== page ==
Of course one of the litmus tests for a modern jazz pianist is the trio configuration. It gives the player a group context that implies some connection with the tradition (at least in the instrumentation of piano, bass and drums) yet exposes his or her way with the pianoforte in a more radical fashion than if horns were involved.

The pianism of Pandelis Karayorgis first got my attention when I was writing for Cadence. Since then I have covered a fair number of his albums. I find him one of the more important and more interesting piano voices out there today.

He recently recorded a new trio outing which we finally get a chance to talk about, namely Cocoon (Driff 1302). I am happy to say that this is another very good one. It involves a three-way confluence between Karayorgis, Jef Charland on bass, and Luther Gray on drums. Karayorgis pens six of the numbers, Gray and Garland each contribute two. They are fine vehicles for the extensive improvisations that follow.

Luther Gray is a great drummer for this kind of date--because he can swing mightily, creatively accentuate any compositional aspects and come up with effective interplay with the other two whatever the context. Jef Charland can walk in ambiguous tonal territory with flair; he solos and interacts with taste and force.

But in many ways this is an ideal showcase for Pandelis and what he is up to. There is still the Monk-like foundation of his touch and an extension of the dissonant advanced comping and percussiveness to a point well on and self-developed. There is the presence of tradition in other ways too. Listen to "You Took My Coffee and Left," a blues, and you'll hear the old and the very new interacting--it's still very much a blues in structure but it takes it all further.

You can hear a bit of the Bley out-in-in harmonic openness, only it's fully Karayorgisized. There are well-placed out block chords, left-handed horn explorations and the split chord-horn left-right mix that you expect in the tradition, but the timing and the choice of notes is impeccable. His rich inventiveness comes through very well here--and that is something to ear-in on! Every solo is a lucid story that doesn't repeat as much as flows with thickly percussive rhythmic thrust and melodic-harmonic inspiration.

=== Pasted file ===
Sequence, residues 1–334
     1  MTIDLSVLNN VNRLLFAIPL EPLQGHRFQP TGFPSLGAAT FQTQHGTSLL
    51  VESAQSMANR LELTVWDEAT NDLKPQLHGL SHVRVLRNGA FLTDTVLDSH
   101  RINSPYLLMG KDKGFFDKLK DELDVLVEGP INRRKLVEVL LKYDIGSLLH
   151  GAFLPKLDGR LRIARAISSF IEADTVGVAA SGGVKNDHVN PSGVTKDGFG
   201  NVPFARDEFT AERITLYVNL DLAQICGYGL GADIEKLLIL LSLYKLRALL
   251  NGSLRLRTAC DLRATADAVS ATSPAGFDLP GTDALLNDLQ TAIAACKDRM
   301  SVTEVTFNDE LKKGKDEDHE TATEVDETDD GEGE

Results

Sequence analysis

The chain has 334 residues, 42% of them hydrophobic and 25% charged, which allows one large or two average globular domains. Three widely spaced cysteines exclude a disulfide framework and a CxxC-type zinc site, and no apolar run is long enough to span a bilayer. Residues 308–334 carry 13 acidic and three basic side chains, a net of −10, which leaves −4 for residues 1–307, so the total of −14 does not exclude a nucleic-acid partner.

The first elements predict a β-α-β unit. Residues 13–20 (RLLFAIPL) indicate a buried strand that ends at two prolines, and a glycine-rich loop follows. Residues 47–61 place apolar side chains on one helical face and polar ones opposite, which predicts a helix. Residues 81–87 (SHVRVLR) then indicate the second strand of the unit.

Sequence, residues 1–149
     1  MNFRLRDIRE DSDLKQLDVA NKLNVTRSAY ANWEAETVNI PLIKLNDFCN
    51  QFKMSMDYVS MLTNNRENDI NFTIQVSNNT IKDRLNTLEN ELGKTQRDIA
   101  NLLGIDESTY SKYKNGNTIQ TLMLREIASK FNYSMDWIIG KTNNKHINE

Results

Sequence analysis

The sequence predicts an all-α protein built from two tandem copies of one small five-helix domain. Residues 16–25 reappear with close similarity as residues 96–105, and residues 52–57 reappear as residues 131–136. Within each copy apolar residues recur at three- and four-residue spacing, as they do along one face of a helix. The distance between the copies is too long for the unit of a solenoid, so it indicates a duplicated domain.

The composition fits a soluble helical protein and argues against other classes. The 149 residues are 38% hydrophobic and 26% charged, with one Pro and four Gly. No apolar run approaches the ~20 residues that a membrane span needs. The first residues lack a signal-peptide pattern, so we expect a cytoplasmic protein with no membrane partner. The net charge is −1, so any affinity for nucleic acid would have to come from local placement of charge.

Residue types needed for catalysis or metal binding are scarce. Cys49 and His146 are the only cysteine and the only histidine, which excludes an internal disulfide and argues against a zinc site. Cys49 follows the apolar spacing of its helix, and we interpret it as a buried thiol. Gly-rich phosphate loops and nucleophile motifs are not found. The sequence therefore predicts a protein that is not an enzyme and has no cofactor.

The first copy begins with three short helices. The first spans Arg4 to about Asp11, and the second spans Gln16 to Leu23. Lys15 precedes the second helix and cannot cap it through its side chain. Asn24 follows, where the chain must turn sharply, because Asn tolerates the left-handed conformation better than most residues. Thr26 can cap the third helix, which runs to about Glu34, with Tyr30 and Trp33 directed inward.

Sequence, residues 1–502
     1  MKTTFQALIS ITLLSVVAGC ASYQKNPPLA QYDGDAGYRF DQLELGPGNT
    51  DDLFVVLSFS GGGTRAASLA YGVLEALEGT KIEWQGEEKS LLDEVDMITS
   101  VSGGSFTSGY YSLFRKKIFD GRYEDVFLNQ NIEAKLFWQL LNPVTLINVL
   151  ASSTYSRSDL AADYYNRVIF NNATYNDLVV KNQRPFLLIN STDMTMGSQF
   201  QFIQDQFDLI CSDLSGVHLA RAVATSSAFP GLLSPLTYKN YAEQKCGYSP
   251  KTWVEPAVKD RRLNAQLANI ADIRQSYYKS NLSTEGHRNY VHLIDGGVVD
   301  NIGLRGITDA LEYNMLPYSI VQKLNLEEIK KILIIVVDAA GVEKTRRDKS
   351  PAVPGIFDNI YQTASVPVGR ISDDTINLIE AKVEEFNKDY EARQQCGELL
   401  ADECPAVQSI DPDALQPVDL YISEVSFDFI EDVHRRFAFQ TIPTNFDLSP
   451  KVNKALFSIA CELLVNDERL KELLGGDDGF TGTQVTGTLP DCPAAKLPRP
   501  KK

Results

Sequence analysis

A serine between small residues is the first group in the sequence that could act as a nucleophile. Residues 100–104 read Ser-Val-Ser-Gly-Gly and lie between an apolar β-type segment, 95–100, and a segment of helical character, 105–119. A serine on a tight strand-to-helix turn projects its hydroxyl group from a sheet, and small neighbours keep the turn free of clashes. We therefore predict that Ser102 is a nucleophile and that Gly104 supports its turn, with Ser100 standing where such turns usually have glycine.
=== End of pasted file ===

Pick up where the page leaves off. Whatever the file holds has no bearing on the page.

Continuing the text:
Well so this one is what anybody interested in piano trio freedom within the jazz tradition should hear. It is a major addition to the Karayorgis discography, which to me is a fine thing indeed.
Grego Applegate Edwards, Gapplegate Music Review, December 2013

Pandelis Karayorgis Trio - Cocoon (Driff, 2013) ****
So, here the piano is front and center. A tradition piano, bass and drums trio, Karayorgis' angular Monkish melodies are front and center, deftly supported by Jef Charland on bass and Luther Gray on the drums.

For brevity's sake, let me jump halfway into this excellent album to 'Sideways Cacoon'. Karayorgis' striking chords and Charland's pulsating, yet restrained, bass make for a delicate yet grabbing underlayment to the accessible and convoluted melodic lead. This is followed up by 'Settling,' a more dramatic and rhythmic piece featuring the bass and driving percussion.

More traditional in its instrumentation and approach, the Trio is a wonderful showcase for Karayorgis' knotty and enjoyable compositions. (…)

These four recent releases from Karaygoris' label are really excellent examples of the intersection of composition and free playing. The different combinations of instruments and approaches showcases the pianist's influences and exciting musical ideas. Great music, check it out at http://driffrecords.bandcamp.com/.